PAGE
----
Preserving the past: Long lost cousins try to preserve abandoned slave cemetery in South Georgia

A network of cousins with roots in South Georgia is working to prevent old slave cemetery sites from being erased by wilderness or urbanization.
Published: Feb. 11, 2022 at 12:57 PM CST|Updated: Feb. 15, 2022 at 10:21 AM CST
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MORVEN, Ga. (WCTV) — There are thousands of people living across the United States who can all trace their roots back to the same ugly truth: They are descendants of slaves.

The only tangible family history many of them have exists in the form of old cemeteries. But many of those sites are at risk of being erased, either reclaimed by wilderness or threatened by urbanization. Now, a network of cousins with roots in South Georgia is working to prevent that from happening.

“This is the region in the 1800s, it was all Wiregrass territories,” Fannie Marie Jackson-Gibbs said, standing in a church cemetery in Morven.

A drive through the small Brooks County town would lead one to believe it is vanishing. A roughly 30-minute drive outside the city of Valdosta, the town has two full-time officers and a single grocery store. Farmland and abandoned buildings are abundant. It is where Jackson-Gibbs grew up. Her family homestead, now dilapidated and without a tenant, has been handed down for more than a century.

“In my 69th year, I’m back at that pond and I’m saying to daddy, ‘Daddy, I’m doing all I can to bring your ancestors home,’” she told WCTV’s Katie Kaplan.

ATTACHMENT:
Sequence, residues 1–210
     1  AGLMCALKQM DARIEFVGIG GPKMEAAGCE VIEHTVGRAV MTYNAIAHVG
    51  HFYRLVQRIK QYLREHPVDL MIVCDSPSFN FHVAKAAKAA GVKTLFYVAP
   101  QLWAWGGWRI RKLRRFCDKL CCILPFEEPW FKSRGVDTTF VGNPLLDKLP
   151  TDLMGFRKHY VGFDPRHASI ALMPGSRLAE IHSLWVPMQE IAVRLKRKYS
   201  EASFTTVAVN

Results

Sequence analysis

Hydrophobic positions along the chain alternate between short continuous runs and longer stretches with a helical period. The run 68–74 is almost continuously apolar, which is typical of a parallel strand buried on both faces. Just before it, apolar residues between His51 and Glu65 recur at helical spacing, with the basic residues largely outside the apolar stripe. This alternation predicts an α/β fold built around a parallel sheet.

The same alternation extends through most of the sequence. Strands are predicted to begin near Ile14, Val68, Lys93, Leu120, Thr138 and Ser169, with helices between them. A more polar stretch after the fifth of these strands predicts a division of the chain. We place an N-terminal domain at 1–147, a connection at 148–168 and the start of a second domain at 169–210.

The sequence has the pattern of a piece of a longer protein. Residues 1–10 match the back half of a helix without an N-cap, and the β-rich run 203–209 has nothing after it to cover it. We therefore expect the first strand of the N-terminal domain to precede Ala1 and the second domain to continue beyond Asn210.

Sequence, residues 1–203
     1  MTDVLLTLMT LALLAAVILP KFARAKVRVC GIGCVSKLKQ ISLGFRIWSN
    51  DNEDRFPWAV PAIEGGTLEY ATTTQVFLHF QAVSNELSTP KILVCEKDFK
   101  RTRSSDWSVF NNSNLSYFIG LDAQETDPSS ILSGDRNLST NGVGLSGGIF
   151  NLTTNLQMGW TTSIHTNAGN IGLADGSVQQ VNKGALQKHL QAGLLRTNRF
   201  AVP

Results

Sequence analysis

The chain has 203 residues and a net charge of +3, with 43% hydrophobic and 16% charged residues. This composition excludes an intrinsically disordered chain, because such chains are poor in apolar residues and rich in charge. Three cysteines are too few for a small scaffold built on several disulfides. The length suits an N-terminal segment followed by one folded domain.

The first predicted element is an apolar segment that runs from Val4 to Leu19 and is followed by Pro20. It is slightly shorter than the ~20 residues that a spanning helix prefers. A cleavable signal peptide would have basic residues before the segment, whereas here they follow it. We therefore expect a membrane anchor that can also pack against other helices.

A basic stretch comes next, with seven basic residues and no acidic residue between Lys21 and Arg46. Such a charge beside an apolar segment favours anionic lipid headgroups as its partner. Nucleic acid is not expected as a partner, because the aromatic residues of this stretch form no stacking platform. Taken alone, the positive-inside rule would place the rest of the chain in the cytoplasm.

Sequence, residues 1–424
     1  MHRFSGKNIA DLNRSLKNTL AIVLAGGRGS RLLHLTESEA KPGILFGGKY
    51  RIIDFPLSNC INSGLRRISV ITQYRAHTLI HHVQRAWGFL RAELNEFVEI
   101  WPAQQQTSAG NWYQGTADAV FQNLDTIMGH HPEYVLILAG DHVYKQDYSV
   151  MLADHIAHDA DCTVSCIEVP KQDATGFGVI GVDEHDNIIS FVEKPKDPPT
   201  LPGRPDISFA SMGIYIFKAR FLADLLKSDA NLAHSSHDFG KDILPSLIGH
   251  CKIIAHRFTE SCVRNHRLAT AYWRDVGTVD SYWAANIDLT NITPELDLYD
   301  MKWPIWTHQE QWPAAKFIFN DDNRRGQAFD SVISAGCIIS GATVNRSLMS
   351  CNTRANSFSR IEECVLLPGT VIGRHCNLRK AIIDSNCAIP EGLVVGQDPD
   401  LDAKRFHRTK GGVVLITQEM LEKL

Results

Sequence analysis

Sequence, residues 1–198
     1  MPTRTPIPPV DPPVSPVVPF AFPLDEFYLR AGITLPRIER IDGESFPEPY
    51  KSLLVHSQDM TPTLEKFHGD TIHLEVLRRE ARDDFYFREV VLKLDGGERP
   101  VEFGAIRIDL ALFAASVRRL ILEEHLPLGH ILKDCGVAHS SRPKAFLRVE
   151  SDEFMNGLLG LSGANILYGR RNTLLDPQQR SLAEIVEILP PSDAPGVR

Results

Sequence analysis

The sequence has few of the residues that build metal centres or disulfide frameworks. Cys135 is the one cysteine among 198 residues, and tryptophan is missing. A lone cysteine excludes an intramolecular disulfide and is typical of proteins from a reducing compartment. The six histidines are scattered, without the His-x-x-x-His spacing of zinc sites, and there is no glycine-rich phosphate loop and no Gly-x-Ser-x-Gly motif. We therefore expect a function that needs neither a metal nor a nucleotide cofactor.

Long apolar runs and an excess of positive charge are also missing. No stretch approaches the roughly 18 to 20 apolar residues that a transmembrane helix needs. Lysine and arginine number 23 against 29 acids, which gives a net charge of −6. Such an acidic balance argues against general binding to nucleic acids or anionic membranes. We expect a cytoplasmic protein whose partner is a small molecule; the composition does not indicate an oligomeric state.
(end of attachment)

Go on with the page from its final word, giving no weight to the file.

On one of the coldest days in recent memory, she stood in the New Macedonia Baptist Church cemetery off Jackson Road. The small graveyard includes tombstones with epitaphs written by hand. It’s the final resting place of freed slaves and several people born in the mid-1800s.

However, the topic at hand is an even older cemetery where the church originally sat before it was accidentally burned down by the deacon, according to Jackson-Gibbs. This site is about a quarter-mile away, obscured by the thick Georgia forest. The land was sold off long ago.

“When I was a little girl they would take us down there,” she recalled, pointing to a forested island in the distance. “There are at least 100 tombstones of enslaved people in the woods back there.”

According to Jackson family oral history, it is the final resting place of some of the area’s first slaves, many of whom are believed to have labored while carving out historic Coffee Road about a mile away. It has since been reclaimed by the elements and is now surrounded by farmland on all sides.

The site is the basis for a non-profit she created in an effort to raise money to restore it. Macedonia Community Foundation, Inc. is a registered 501(c)(3), a cause that reaches far beyond the Brooks County line.

“We are literally all over the country and our roots are there in Georgia,” said Janet Elder, whose great-grandparents are buried in the old cemetery.